The Lord God wrote that you shall not covet anything that is not given to you or does not belong to you. How many people understand the implications of covetousness?
Before we can understand a language, we have to learn it. When one hears and reads what people, who call themselves Christians, say about the Ten Commandments, we start to learn why the Satan has them in his grip.
The Ten Commandments are the only words that were written by God Himself. Yet how many people know them? Most people think that they are so simple they dismiss the Ten Commandments. Even though covetousness is easy to understand, unless it is fully understood, people will go on and suffer from succumbing to its power over them.
Covetousness is how sin came about. Some will say that pride or vanity is how sin came about. Yet why would anyone murder another person because of pride alone? A proud person merely asserts superiority. Just have a look at all the atheists that exist. They are proud and think they are superior to those who accept the truth about the Lord God creating the Universe. Of course, matters would be different if atheists coveted something that Christians had, such as some territory that possessed underground springs which produced the elixir of life from the fountain of youth. Atheists might want to kill to obtain it. Therefore, pride alone is insufficient to bring about sin; whereas, in the beginning, if a person coveted what another person had, this might be cause for murder. Was there a murderer that brought sin about in the beginning? This is what Jesus said:
You are of your father the Devil, and your will is to do your father’s desires. He was a murderer from the beginning, and has nothing to do with the truth, because there is no truth in him. When he lies, he speaks according to his own nature, for he is a liar and the father of lies. (John 8:44)
Why did the father of lies become a liar?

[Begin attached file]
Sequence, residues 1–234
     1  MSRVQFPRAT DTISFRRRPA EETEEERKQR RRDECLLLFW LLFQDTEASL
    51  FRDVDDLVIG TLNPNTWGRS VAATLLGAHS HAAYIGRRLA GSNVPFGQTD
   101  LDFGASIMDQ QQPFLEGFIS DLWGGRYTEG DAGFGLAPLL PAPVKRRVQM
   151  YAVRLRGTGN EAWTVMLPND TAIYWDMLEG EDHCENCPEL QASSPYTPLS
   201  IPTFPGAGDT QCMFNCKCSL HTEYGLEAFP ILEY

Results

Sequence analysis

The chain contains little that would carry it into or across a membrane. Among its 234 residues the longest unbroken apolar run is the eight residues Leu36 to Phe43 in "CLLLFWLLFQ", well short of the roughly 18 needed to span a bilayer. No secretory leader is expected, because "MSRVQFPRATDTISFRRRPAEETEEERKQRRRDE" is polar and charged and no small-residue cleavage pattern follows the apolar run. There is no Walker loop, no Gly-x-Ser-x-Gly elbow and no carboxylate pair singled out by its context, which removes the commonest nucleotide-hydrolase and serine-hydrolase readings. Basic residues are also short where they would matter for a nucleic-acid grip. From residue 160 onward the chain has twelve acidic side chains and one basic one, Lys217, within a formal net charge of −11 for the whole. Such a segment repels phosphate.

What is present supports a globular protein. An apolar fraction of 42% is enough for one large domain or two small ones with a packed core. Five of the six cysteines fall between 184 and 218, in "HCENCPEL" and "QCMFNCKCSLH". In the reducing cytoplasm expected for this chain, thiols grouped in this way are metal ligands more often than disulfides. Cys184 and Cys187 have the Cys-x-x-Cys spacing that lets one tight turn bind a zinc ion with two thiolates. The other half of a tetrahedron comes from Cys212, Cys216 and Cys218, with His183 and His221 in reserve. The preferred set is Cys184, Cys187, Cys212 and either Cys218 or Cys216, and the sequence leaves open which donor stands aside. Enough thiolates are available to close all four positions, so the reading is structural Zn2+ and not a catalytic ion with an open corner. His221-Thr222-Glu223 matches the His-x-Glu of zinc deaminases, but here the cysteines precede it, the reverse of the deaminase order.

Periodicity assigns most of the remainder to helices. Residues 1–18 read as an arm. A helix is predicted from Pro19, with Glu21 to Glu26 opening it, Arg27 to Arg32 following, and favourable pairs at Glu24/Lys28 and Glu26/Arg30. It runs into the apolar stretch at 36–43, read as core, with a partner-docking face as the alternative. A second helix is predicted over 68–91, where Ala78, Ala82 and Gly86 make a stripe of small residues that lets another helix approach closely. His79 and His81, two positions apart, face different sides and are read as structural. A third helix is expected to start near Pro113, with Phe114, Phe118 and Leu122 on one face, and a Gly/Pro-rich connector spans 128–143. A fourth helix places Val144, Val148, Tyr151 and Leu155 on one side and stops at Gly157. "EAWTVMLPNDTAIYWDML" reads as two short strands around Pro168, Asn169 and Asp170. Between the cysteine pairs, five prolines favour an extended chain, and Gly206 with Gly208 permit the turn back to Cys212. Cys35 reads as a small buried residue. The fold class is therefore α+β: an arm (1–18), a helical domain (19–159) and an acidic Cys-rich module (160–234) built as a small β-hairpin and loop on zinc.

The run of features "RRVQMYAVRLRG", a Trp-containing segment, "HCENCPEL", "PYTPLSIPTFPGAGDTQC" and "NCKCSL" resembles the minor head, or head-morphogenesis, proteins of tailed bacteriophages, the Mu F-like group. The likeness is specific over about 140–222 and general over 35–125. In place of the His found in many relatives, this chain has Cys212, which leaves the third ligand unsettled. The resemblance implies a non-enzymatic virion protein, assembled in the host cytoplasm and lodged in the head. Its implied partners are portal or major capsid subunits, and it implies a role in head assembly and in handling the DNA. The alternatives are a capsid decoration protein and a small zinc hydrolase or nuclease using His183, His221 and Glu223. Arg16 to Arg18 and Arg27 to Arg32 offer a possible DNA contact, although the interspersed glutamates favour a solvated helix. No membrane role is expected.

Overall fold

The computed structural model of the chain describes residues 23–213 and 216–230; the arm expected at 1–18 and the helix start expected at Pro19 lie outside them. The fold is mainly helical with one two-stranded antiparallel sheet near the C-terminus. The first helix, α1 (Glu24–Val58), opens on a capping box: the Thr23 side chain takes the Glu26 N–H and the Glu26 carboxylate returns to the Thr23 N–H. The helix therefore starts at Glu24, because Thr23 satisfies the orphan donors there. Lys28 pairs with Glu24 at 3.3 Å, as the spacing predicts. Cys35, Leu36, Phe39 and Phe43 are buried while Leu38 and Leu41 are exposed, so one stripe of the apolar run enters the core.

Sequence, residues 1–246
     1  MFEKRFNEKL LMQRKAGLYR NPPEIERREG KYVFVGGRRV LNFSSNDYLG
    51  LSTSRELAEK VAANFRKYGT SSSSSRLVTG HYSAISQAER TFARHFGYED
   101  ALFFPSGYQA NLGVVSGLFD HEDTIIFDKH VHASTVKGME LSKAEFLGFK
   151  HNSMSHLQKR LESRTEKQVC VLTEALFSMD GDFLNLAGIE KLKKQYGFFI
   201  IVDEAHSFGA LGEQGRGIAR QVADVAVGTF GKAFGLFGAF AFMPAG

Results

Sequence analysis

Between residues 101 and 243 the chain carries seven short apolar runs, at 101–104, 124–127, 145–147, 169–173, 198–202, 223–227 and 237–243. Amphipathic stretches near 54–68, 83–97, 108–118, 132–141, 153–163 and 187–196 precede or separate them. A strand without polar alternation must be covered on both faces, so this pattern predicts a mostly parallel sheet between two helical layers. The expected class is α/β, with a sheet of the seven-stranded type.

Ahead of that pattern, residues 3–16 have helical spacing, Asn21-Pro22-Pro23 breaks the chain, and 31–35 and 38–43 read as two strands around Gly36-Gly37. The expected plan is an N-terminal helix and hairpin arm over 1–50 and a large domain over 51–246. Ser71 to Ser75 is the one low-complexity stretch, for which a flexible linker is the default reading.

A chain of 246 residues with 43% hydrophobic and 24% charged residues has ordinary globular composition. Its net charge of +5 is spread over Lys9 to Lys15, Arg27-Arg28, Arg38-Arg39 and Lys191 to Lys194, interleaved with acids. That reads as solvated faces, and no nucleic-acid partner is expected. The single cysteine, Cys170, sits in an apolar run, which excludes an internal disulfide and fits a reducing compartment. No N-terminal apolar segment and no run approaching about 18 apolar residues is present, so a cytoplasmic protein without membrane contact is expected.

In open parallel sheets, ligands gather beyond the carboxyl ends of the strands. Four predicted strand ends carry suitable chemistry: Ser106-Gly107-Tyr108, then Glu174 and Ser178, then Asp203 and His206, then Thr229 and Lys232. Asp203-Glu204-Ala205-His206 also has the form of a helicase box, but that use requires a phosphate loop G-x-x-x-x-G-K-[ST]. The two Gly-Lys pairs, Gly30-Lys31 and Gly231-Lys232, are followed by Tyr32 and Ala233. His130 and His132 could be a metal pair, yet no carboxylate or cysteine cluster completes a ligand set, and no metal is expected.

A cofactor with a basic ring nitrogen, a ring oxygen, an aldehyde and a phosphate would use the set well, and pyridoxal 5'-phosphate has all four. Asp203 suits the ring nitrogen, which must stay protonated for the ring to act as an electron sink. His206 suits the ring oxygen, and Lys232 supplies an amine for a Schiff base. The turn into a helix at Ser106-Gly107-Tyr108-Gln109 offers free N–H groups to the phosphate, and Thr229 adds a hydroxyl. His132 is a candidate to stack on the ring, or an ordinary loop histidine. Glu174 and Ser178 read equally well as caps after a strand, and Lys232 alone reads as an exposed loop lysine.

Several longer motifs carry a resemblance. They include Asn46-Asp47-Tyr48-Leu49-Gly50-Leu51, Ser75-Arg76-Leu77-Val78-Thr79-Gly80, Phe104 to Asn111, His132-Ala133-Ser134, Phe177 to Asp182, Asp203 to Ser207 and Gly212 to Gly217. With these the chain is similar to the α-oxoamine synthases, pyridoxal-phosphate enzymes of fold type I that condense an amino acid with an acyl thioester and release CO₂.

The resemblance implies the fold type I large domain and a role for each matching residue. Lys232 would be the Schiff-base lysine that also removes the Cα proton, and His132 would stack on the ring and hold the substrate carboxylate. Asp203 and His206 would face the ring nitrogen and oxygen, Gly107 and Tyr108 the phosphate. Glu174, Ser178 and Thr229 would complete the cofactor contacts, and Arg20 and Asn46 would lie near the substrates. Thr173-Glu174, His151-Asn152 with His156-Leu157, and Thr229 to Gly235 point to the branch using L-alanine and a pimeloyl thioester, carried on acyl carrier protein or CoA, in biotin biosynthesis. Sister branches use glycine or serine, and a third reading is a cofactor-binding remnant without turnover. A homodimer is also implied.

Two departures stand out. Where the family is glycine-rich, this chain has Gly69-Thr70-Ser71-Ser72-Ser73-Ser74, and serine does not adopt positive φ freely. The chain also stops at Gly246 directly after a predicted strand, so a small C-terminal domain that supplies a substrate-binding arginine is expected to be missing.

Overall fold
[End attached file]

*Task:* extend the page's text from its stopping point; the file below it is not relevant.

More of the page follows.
Although, this is not clearly stated in the Bible, it is clearly implied, the liar coveted something that was not his. Had the liar not coveted something that did not belong to him, he would have had no need to lie.
What is a lie? According to one dictionary definition, a lie is “A false statement deliberately presented to be true.”
Why would someone make a false statement and present it as the truth? People do this when they covet something that they would not be able to get otherwise.
Take the encounter of Jesus with the rich ruler:
And a ruler asked him, “Good Teacher, what shall I do to inherit eternal life?” And Jesus said to him, “Why do you call me good? No one is good but God alone. You know the commandments: ‘Do not commit adultery, Do not kill, Do not steal, Do not bear false witness, Honor your father and mother.’” And he said, “All these I have observed from my youth.” And when Jesus heard it, he said to him, “One thing you still lack. Sell all that you have and distribute to the poor, and you will have treasure in heaven; and come, follow me.” (Luke 18:18-22)
If you know the Ten Commandments, you will realize that Jesus mentions only five when addressing the rich ruler.
The first four commandments and the commandment concerning coveting do not get a mention. The only reason that I can think of for Jesus doing this is that the first four commandments are directives concerning God's relationship to us humans (providing one understands the true significance of the Sabbath), and the last of the Ten Commandments concerns the desires of the heart. If a person desires the truth, and desires to know the Lord God, then to keep the five mentioned commandments by Jesus in the above quotation from Luke is insufficient.
To keep the five commandments that deal with human relationships are good to do if you only want to make friends and do not desire to fall out with people, including your parents. However, the most pressing problem we all have is death. What are we going to do about death? How are we going to overcome death? How are we going to make our lives meaningful? Being born only to die is a futile existence.